“How I Work” is a interview series that demonstrates there are many ways to be successful in academia and students, post-docs, and professors need to find the approach that is best for them. This is the second installment in the series.
Would you like to comment about and discuss posts in Rapid Ecology? Or other issues in our field? This post is here just for your comments.
We seek out ecologists with diverse backgrounds and perspectives to highlight their work and share their stories and experiences. Check out this week’s Ecologist Spotlight: David Hamilton.
Many graduate student ecologists will propose thesis work that contains both a lab and a significant field component. However climate change is shifting where species occur, when they occur, and if they occur, often in ways we are ill prepared to predict. How should mentors shift the advice they give their graduate students as they work to develop the fieldwork component of their research, to avoid risky and potentially impossible projects?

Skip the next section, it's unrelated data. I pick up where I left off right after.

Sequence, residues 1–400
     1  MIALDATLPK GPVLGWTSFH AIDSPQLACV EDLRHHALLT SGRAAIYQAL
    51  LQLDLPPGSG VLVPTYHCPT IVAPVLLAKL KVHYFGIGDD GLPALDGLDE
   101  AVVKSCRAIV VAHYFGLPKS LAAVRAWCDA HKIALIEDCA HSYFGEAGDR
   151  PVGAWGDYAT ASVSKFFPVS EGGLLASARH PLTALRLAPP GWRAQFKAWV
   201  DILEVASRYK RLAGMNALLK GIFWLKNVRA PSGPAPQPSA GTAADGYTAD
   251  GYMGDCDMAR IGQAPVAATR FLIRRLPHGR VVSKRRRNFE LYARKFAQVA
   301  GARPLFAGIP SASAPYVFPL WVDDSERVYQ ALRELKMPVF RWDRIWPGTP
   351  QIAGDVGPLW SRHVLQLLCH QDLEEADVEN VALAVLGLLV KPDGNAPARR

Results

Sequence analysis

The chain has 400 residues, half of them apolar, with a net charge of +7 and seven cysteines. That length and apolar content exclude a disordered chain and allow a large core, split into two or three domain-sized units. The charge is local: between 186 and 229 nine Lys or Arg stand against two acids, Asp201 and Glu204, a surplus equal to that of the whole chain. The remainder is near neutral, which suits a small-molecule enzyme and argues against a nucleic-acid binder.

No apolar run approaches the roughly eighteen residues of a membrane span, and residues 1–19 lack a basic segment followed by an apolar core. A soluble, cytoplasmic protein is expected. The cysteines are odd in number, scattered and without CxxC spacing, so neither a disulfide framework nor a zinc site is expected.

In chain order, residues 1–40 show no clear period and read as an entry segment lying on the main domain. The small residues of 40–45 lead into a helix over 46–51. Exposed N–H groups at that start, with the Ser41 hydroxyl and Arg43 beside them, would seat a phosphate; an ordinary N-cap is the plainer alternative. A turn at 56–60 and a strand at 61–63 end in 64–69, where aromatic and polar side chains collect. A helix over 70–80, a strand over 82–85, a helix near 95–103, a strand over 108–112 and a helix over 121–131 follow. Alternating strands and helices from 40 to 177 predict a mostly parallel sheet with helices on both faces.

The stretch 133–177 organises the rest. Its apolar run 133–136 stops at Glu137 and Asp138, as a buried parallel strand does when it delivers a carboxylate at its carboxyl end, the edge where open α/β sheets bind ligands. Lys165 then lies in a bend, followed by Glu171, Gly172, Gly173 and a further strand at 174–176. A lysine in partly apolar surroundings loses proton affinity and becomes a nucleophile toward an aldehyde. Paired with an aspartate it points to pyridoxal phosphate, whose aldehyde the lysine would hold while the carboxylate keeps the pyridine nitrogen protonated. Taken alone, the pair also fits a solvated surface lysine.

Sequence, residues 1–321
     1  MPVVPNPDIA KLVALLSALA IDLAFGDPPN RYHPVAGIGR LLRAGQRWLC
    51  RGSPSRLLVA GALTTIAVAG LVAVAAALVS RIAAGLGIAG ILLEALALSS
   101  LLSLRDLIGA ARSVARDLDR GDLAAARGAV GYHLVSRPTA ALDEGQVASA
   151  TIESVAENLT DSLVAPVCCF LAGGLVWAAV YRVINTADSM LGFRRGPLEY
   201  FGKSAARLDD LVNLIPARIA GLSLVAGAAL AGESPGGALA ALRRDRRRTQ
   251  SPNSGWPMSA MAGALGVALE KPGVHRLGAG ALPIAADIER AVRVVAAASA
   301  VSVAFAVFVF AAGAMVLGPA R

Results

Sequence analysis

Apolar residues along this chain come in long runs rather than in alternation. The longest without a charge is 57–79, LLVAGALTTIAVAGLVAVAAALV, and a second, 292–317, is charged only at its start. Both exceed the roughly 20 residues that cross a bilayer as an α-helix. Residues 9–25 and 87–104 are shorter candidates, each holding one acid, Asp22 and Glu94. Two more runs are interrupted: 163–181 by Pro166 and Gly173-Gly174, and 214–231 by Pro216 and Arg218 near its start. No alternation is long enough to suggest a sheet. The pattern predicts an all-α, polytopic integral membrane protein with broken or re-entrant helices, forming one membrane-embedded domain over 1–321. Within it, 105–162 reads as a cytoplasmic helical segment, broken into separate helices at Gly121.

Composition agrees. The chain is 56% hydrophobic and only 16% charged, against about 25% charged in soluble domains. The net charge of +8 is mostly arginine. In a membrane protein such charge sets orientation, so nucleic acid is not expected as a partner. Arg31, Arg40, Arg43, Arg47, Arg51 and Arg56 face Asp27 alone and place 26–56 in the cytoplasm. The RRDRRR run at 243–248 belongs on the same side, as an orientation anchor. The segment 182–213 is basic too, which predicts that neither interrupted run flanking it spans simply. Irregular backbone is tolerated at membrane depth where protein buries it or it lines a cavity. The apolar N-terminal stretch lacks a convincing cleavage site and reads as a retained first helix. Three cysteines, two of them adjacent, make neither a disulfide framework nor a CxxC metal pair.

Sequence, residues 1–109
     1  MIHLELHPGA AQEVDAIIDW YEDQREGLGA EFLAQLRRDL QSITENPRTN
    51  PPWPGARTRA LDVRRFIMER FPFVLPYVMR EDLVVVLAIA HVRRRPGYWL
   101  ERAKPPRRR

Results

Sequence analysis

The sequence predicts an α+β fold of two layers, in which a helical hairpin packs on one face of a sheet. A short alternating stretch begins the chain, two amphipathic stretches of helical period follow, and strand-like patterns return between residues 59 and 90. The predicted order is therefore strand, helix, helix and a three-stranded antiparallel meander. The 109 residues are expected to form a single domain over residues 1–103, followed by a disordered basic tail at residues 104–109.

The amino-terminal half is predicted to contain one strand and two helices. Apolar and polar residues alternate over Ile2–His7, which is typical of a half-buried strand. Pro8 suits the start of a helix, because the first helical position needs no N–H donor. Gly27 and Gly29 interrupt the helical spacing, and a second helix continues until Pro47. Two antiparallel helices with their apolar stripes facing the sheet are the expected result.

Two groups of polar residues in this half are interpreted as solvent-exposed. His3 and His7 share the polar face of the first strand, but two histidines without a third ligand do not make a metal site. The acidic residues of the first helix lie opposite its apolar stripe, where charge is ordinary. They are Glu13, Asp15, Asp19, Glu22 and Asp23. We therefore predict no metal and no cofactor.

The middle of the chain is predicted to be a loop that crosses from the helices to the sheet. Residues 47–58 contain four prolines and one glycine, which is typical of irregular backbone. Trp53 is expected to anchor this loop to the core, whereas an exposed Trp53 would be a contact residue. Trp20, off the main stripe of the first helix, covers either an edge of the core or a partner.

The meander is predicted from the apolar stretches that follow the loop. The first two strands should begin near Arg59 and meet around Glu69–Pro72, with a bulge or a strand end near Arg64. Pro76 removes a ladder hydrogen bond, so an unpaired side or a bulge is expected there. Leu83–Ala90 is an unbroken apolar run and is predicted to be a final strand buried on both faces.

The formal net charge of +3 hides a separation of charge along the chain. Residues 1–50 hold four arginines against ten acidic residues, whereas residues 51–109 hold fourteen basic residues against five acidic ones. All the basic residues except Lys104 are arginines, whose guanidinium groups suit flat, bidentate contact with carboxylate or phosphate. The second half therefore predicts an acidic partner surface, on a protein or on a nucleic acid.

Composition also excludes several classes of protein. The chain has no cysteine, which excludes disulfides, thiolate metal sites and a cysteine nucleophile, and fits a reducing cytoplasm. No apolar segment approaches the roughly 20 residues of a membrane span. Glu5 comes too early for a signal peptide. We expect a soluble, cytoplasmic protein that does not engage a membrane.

This is the inaugural post in a periodic series that details the late-night, midday, and early morning musings “Of a Graduate Student”.
As ecologists, we study biodiversity in ecosystems. Here, we look at diversity of ecologists themselves and make recommendations on how best to recruit and retain underrepresented groups. Entering ecology and other field sciences face additional challenges due to the privileged nature of outdoor careers. We believe outreach programs designed to engage underrepresented groups at a young age as well as initiatives to promote inclusive excellence during graduate school will help increase diversity of ecologists. Contribute to the discussion using #ecologist_diversity on Twitter!
We seek out ecologists with diverse backgrounds and perspectives to highlight their work and share their stories and experiences. Check out this week’s Ecologist Spotlight: April M.H. Blakeslee.